What many people fail to understand is that the sugar content of sodas is only the tip of the iceberg. Sodas, just like all other carbonated beverages, are highly acidic substances. Just like the acid that is produced by your oral bacteria, this acid compromises your thin tooth enamel and leaves you vulnerable to dental caries. Since sugar-free sodas have just as much carbonation as conventional sodas, they have much of the same tooth-rotting power.

Tips After Drinking Soda

When you drink soda, consider following it up with a glass of water to rinse out your mouth, or a glass of milk to neutralize the acid. If you remain mindful of your habits, and always keep your appointments with our Bellevue dentist, Dr. Yu, you should be able to decrease your chances of tooth decay and gum disease.

Bulimia vs. Your Teeth

Bulimia is an unfortunate eating disorder. Though it is unhealthy in many of the same ways that anorexia is, it is different in the sense that a bulimic person is perfectly willing to eat food so long as he or she regurgitates it shortly thereafter before it has a chance to be absorbed by the body. This not only serves to mask the eating disorder, as a bulimic individual frequently looks perfectly healthy, but it also has an additional effect on the oral health of the individual.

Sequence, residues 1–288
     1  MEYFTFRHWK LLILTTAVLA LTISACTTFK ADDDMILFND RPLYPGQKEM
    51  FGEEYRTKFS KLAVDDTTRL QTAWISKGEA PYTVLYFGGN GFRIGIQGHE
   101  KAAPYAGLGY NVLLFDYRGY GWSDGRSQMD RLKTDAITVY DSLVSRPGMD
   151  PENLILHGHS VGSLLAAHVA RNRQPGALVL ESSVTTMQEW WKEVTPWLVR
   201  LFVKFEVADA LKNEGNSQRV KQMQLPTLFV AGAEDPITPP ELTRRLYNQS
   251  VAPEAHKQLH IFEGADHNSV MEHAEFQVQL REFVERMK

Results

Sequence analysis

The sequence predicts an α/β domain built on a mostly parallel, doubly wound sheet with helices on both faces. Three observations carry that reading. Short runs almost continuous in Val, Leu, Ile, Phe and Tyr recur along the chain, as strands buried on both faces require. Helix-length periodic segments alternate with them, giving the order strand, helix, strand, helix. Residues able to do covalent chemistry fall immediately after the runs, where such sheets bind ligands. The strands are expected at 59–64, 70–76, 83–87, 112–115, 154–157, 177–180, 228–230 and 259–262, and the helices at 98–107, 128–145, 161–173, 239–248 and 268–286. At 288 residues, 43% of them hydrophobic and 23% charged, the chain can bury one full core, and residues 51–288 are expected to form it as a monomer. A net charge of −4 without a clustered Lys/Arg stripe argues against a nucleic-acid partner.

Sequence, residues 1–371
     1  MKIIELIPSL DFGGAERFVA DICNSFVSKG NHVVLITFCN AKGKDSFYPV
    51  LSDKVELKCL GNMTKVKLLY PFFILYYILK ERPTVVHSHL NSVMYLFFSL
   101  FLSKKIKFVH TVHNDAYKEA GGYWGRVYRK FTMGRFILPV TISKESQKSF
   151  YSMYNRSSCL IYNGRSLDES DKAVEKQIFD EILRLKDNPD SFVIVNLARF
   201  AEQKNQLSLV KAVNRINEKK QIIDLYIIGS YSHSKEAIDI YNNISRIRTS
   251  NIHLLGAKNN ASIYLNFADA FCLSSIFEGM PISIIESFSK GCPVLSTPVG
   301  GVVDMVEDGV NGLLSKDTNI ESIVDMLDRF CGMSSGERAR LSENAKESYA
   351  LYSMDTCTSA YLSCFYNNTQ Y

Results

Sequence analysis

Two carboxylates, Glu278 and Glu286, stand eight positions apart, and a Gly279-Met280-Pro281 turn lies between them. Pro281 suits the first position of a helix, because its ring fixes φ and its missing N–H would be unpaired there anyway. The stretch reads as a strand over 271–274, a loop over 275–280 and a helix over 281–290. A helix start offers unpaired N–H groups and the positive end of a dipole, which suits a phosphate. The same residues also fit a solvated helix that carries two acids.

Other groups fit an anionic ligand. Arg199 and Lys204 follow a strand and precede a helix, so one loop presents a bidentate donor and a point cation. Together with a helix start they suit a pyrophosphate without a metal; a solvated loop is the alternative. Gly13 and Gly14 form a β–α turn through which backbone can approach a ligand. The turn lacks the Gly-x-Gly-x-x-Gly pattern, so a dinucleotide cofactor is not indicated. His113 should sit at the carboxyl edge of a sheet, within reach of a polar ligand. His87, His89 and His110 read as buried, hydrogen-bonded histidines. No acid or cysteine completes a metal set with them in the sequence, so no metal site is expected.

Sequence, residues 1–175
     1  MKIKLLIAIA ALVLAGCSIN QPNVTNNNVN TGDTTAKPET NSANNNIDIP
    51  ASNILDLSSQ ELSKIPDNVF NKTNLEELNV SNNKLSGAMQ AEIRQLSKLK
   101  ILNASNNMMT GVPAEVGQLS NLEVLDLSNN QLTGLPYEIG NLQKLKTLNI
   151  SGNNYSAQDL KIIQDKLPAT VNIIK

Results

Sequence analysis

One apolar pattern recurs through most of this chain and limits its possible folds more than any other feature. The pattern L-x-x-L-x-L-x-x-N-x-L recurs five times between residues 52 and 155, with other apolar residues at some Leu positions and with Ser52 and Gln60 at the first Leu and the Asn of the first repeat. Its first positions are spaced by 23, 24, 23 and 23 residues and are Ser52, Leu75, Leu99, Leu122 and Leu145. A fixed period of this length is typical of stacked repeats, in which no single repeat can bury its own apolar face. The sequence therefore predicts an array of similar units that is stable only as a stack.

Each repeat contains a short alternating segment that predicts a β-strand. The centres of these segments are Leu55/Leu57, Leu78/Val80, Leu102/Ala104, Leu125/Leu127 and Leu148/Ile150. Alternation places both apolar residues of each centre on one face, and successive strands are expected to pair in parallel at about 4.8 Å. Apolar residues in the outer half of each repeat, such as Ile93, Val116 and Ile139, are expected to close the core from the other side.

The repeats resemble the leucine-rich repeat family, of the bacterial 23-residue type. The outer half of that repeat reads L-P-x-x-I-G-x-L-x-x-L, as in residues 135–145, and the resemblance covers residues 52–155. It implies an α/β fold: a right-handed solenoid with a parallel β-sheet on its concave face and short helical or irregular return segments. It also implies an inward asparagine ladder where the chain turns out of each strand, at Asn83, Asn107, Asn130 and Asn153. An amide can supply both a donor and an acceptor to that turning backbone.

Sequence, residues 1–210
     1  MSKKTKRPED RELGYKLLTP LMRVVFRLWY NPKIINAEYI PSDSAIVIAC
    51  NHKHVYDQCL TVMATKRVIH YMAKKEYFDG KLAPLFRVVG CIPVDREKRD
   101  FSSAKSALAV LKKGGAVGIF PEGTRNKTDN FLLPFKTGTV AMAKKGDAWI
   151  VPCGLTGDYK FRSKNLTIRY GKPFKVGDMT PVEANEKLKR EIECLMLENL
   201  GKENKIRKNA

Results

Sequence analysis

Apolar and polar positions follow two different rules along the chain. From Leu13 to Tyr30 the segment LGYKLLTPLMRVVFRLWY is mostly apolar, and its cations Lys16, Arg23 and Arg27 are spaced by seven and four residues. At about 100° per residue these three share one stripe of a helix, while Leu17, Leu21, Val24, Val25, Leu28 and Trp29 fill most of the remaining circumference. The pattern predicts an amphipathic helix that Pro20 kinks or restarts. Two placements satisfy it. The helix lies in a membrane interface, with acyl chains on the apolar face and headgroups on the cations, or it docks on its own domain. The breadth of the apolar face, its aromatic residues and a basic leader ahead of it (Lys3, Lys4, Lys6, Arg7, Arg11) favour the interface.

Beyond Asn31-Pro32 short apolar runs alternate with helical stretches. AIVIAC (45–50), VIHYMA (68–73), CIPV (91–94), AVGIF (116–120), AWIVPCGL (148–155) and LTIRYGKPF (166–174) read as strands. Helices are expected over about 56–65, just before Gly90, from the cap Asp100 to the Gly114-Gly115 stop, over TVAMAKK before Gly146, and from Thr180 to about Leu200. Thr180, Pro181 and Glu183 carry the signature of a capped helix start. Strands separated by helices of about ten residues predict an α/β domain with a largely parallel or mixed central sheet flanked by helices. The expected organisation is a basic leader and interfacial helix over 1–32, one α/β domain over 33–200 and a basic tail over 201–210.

If you’ve ever known bulimic people, you may have noticed that they have a tendency to lose their teeth. This is a direct result of their habitual regurgitation of their meals. Every time they vomit, the harsh acids of their stomachs are washing over their throats, teeth, and gums. In exactly the same way that the acid produced by your oral bacteria breaks down your enamel and delicate tissues, your stomach acid is also capable of inviting tooth decay and gum disease upon yourself.

Should you or someone you know struggle with bulimia, our Bellevue dentist strongly advises that you seek help. There is nothing worthwhile about starving yourself and destroying your teeth in the process.

Treating Hypersensitive Teeth at Bellevue Overlake Dental

Hypersensitive Teeth Causes

Have you been noticing that your teeth has been sensitive? For example, when you drink hot or cold beverages.

Most of the time, the sensitivity passes by quickly. If you can feel an increased sensitivity, you should get it checked by your dentist.

It is possible that you may have hypersensitive teeth. The most common causes are the exposure of the roots. Caused by receding gums. Another cause can be the exposure of dentin, which is the layer underneath the enamel. If there has been erosion on your enamel, it can cause sensitivity. Harsh brushing, strong toothpaste or chronic gum inflammation can also cause hypersensitivity.

For enamel erosion, high acidic foods, teeth whitening or bleaching or smoking can be the causing factors. It softens the enamel exposing your dentin. There are nerves connected to your teeth and can be sensitive to outside elements. Other common causes of hypersensitivity are cavities, a cracked or chipped tooth, or a recent filling.

Care and Attention to Sensitivity

Here at Overlake Dental, your Bellevue dentist, Dr. Monica Yu must can determine the cause of the sensitivity so that appropriate treatment is provided. Dr. Yu has seen many cases of highly sensitive teeth. He will say that your teeth are trying to tell you what’s wrong and that you shouldn’t ignore the symptoms.